The Political Machine Ii: A Case History “i Am The Law”


Time was running out for the antiHague men in Jersey City, and they knew it. The mayoralty election of 1917 found them in a frantic mood. Wittpenn and Mayor Fagan both begged President Wilson for help, but they could not agree on a united front. Wittpenn entered a slate of so-called regular Democrats, and Mayor Fagan headed a group of Republicans. Hague, with a prominent ex-Wittpennite, A. Harry Moore, firmly wedded to his standard, dubbed his Democratic slate “The Unbossed.”

Hague and his four candidates won easily. His style of reform—the swept sidewalk, the honest cop, the clean saloon, all of which the citizen could see with his own eyes—had won. The other reformers never had a chance. Moore ran slightly ahead of Hague— 19,883 to 18,648—in the final count. But when the city commission met to organize for the new administration, they ignored the tradition that the man with the most votes had the first call on the mayor’s job. In a tumultuous scene in the City Hall council chamber, which was packed with howling Horseshoe supporters, Hague was unanimously elected mayor. Three decades would pass before another man stood there to receive similar acclaim.

The man thus poised on the threshold of state power had, at first glance, some curious personal defects. He was still almost totally uneducated; some of his surviving enemies insist to this day that Hague could not read more than the headlines in the daily paper. Immediately after he became mayor he took some lessons in public speaking, but he never mastered the complexities of English grammar. He remained likely to declare: “One hundred ten thousand voters has endorsed my administration,” or to remark that the city commission “has went on record” regarding a particular issue. He once called Jersey City “the most moralest city in America.” Closing a radio address he said, “And thank you, ladies and gentlemen, for the privilege of listening to me.”

Nor was Hague personally popular, much less beloved, in the James Michael Curley Last Hurrah tradition. The stern aura of the reformer, the protector, the tough taskmaster who got results, was more in keeping with his personality. Even his closest legal adviser, John Milton, wryly called him “the Commissar.”

As the years passed, Hague became more arbitrary about inflicting his likes and dislikes on subordinates. Each year, he took the office workers of City Hall to Dinty Moore’s in New York for a banquet. Not a man was allowed to touch a drop of liquor as long as the Mayor sat at the table. Once he left, it was tacitly acknowledged that drinking could begin. In his later years, Hague even treated non-New Jerseyites this way. Once Dan Finn, a powerful Tammany politician, called on Hague for a New Jersey favor. The Mayor was lunching alone in New York City at the Plaza Hotel. Hague asked Finn if he would like to order anything. “I’ll have a Scotch and soda,” the chieftain said. “Not at my table you won’t,” snapped Hague.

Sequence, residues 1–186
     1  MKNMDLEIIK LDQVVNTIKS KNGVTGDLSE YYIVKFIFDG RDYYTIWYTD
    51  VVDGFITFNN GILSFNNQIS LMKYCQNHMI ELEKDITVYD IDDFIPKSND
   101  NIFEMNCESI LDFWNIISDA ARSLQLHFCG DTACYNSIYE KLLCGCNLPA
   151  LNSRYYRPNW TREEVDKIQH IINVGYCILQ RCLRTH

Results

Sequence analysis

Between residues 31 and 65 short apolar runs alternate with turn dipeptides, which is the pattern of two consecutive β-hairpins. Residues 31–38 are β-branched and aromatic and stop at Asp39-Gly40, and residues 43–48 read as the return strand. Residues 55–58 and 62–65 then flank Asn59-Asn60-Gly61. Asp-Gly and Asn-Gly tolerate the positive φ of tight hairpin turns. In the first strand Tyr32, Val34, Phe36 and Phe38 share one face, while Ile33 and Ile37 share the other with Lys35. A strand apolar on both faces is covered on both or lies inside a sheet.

Hague’s taste for personal violence was another unendearing trait. He was prone to punch, kick, and batter people who disagreed with him. He reportedly knocked one of his commissioners, Michael I. Fagen, cold on the mayoral carpet one day in 1929. Once, during one of his long walks around the city (always accompanied by bodyguards, at a discreet distance) Hague called an ambulance to see how quickly it would respond. It took fifteen minutes, and Hague began excoriating the interne in charge. “It took me a while to wake up,” the young man said insolently. Hague belted him into the gutter.

He was equally willing to condone violence on the part of the cops. He guaranteed their loyalty by making the police force the largest (for cities of comparable size) and best paid in the country. Jeff Burkitt, a cheerful Alabamian who fought Hague for almost a decade, was beaten up so many times that he finally went to the Mayor, his head wrapped in bandages, to ask Hague to be “a good sport” and let him have two or three street corners where it would be understood that the cops would not club him.

Hague began roaring with laughter. The battered Burkitt looked puzzled. “I’m sorry,” the Mayor said, his eyes streaming, “I just can’t help it. You look so goddamn funny with all those bandages on your head.”

But Hague did not win all his elections with night sticks. Although he obviously enjoyed violence (boxing was far and away his favorite sport), he reserved it for emergencies. The election of 1920 fell into that category. The country was tired of Wilsonian idealism. Even before Election Day, it became obvious that the entire Hudson County ticket was going to go down the drain. An order went out from City Hall—“Save Madigan.” Thomas “Skidder” Madigan was an old Horseshoe crony who was blithely running for sheriff of Hudson County, ignoring a disability that would have been considered something of a handicap by the average candidate: the Skidder could not read or write. His campaign slogan was unique, even for Jersey City—“He was good to his mother.”

As sheriff, Skidder would control an absolutely vital function in the Hague scheme of things—the selection of grand juries. All other candidates were abandoned to their fates. Using every electioneering technique at their disposal, including physical force, Hague’s lieutenants carried Madigan, the lone survivor of that terrible debacle, into office with a majority that was one hundred per cent stolen.